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Brexit Financial Fallout; Second Scottish Independence Referendum?. Aired 2-2:30p ET

Aired June 27, 2016 - 14:00:00   ET




CHRISTIANE AMANPOUR, CNN HOST: Tonight, from Westminster in London, the financial fallout continues as the pound plunges with 31-year low. While

the prime minister condemns, racist, hate crimes after Brexit and calls a quorum.


DAVID CAMERON, BRITISH PRIME MINISTER: In the past few days we've seen despicable gravity daubed on a Polish community centre. We've seen verbal

abuse hurled against individuals because they're members of ethnic minorities. Let's remember, these people have come here and made a

wonderful contribution to our country.

We will not stand for hate crime or these kinds of attacks, they must be stumped out.


AMANPOUR: Are the Brexiters now backtracking from their promises? Lead campaign MEP Daniel Hannan joins me.

What now for the union? Scotland's role, the Scottish M.P. and, a son of immigrants itself Humza Yousaf will join me.

And the journalist, Matthew Paris on Boris Johnson, and how he'll ride a political crisis not seen in decades.


AMANPOUR: Good evening everyone and welcome to the program, I'm Christiane Amanpour live at the Palace of Westminster, the Houses of Parliament behind

me. The decision is made but the dust is far from settled. The United Kingdom and the world are still trying to figure out what Brexit from the

European Union actually means. Appearing before the parliament for the first time since the referendum, Prime Minister David Cameron who will soon

step down said that formal negotiations to leave will not be triggered until his successor is in place in September.


CAMERON: It is going to be difficult. We've already seen that there are going to be adjustments within our economy, complex constitutional issues,

and challenging new negotiation to undertake with Europe. But I am clear and the cabinet agreed this morning that the decision must be accepted and

the process of implementing the decision in the best possible way must now begin.


AMANPOUR: Now, European leaders may want to accelerate that timetable but Cameron announced a formal committee together, all the information required

for a divorce, which he called the most difficult task for the British civil service in decades.

Incredibly there seems to have been no plan by the leaders, and its chief architect Michael Gove and Boris Johnson weren't even in parliament today.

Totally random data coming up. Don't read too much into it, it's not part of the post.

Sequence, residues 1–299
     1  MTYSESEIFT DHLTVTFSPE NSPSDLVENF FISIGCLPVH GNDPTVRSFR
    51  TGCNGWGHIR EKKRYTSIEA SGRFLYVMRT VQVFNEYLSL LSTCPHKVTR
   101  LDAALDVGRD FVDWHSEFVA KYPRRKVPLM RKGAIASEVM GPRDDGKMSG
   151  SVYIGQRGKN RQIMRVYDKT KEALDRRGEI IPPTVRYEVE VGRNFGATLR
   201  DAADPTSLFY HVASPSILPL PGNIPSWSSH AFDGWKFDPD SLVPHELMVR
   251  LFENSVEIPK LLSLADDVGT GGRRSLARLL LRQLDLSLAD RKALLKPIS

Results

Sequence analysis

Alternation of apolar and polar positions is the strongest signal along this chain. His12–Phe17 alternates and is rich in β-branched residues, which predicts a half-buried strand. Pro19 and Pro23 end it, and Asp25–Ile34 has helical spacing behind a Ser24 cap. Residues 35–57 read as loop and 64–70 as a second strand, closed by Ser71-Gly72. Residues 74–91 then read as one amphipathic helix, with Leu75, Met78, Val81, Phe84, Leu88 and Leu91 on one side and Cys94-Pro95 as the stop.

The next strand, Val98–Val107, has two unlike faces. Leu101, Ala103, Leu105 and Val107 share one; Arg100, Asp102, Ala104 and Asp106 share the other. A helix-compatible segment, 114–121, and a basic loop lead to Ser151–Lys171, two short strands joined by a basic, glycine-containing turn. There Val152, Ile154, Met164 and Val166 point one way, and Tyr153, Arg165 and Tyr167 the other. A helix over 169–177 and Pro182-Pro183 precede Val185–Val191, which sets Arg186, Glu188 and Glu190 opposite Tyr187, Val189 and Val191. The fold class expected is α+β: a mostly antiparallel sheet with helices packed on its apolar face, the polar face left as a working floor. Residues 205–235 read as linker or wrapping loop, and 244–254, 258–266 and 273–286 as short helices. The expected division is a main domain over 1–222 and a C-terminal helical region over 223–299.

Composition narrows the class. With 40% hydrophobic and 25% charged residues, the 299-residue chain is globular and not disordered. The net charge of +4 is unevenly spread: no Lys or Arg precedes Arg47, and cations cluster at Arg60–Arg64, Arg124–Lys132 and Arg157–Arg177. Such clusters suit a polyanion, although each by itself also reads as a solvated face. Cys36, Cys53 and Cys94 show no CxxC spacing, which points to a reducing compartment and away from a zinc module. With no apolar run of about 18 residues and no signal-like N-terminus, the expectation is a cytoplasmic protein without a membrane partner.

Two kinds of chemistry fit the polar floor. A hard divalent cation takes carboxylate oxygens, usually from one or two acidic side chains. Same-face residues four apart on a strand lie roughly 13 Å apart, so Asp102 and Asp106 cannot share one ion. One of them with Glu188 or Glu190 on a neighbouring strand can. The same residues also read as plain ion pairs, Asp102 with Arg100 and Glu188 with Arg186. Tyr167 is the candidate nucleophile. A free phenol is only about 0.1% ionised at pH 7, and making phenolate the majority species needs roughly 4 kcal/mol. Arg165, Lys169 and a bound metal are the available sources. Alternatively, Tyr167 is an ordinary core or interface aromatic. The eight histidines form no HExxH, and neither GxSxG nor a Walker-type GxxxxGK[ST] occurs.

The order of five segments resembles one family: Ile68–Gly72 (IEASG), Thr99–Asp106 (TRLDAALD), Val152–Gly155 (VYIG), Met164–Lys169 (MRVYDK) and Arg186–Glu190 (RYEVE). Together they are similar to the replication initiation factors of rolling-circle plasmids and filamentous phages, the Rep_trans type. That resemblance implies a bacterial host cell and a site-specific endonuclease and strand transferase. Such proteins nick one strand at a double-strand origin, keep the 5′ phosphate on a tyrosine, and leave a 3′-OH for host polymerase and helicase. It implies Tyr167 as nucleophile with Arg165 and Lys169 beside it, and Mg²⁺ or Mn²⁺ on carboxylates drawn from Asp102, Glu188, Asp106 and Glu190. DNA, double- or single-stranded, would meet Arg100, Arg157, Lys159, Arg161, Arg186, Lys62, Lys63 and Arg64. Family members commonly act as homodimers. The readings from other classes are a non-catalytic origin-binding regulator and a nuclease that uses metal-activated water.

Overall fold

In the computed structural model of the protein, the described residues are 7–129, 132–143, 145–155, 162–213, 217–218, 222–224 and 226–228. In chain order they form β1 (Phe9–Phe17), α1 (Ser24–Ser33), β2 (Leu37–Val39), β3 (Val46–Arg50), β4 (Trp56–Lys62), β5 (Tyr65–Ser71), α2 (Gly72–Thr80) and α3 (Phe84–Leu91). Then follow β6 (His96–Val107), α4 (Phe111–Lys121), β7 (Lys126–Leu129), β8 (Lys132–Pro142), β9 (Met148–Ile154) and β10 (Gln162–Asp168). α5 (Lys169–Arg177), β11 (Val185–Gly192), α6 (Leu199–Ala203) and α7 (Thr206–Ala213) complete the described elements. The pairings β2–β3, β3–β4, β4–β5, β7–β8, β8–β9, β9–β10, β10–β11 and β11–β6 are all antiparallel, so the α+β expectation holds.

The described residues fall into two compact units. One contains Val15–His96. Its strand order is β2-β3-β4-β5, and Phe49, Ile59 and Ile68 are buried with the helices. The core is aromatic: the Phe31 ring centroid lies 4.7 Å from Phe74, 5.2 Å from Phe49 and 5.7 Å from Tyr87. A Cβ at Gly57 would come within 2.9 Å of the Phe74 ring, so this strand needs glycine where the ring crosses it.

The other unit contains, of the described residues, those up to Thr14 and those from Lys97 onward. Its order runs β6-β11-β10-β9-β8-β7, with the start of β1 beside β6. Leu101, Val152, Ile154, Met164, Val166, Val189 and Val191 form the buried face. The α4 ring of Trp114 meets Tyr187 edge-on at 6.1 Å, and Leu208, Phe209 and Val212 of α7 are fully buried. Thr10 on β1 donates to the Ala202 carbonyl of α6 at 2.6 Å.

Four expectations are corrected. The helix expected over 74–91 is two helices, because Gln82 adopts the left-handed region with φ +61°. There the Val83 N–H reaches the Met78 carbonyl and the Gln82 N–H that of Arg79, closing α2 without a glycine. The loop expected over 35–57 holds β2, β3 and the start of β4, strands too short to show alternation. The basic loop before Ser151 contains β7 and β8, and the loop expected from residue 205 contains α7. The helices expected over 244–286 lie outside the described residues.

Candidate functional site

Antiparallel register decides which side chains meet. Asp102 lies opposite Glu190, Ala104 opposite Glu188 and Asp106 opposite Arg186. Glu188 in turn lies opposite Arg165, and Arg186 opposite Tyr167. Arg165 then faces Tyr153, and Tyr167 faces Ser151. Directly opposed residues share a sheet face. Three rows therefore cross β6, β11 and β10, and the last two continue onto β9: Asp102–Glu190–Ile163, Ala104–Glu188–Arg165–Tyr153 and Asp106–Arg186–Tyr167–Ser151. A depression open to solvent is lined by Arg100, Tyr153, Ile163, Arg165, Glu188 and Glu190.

The jockeying has begun the succeed the Prime Minister, and the favorite Boris Johnson has spoken only through this weekly newspaper column, and

briefly to reporters outside his home in North London. Here's what he said this morning.


BORIS JOHNSON, BRITISH CONSERVATIVE M.P.: It's clear now that "Project Fear" is over, there's not going to be an emergency budget. People's

pensions are safe, the pound is stable, the markets are stable, I think that is all very good news.


AMANPOUR: Just which pound he's talking about is unclear because it has been anything but stable. Loosing 12 percent of its value since the Brexit

vote, which is a 30-year low. And markets are still in disarray, the Dow Jones still lose 1.5 percent today. The U.S. foreign secretary John Kerry

is in London and together with his British counterpart Phillip Hammond reaffirmed the two country's special relationship.

I'm joined now by Daniel Hannan, he's a conservative MEP who backed the leave campaign and who says he's never felt more proud to be British.

Welcome back to the program Daniel Hannan.


AMANPOUR: So proud to be British, and of course a lot people are saying, a new dawn independence day, but the truth is, that all day the question is

being asked, what is the plan. And we're not hearing it from the main Brexit leaders. We hear the Prime Minister lay out a plan, the

negotiations and pre-negotiations. What is the plan?

HANNAN: Well, he is still the prime minister, so you're in a way assigning responsibility without power. You're saying, what do we want to do when

we're not in office, right?

AMANPOUR: So basically he has to -- the guy who lost has to figure out your ...

HANNAN: I would have liked him to have appointed one of the leave campaigners as the person in charge of the negotiation, I was hoping that

would happen today and then we could have got going with the process. But I don't think there's any secret about what the plan is, it's a

repatriation of power. We have to of course accept the constraint of a very narrow result, 48 percent of British people voted for no change, we

can't just wish that fact away, we have to respect their opinions.

Two of the four nations within the U.K. voted for the status quo, and so we may have to temper what we're doing and go for a more gradual and more

phased repatriation of power while leaving some of the existing stuff in place.

[14:05:05] AMANPOUR: Is there distinct though -- nine hearing, you know, a very mush softer, gentler version of what you proposed during the campaign,

temper some of the stuff, like what? Like immigration? Because you yourself have sort of step back, so is Boris Johnson.

HANNAN: Hang on, what have I said ...

AMANPOUR: You have said ...


AMANPOUR: ... that ...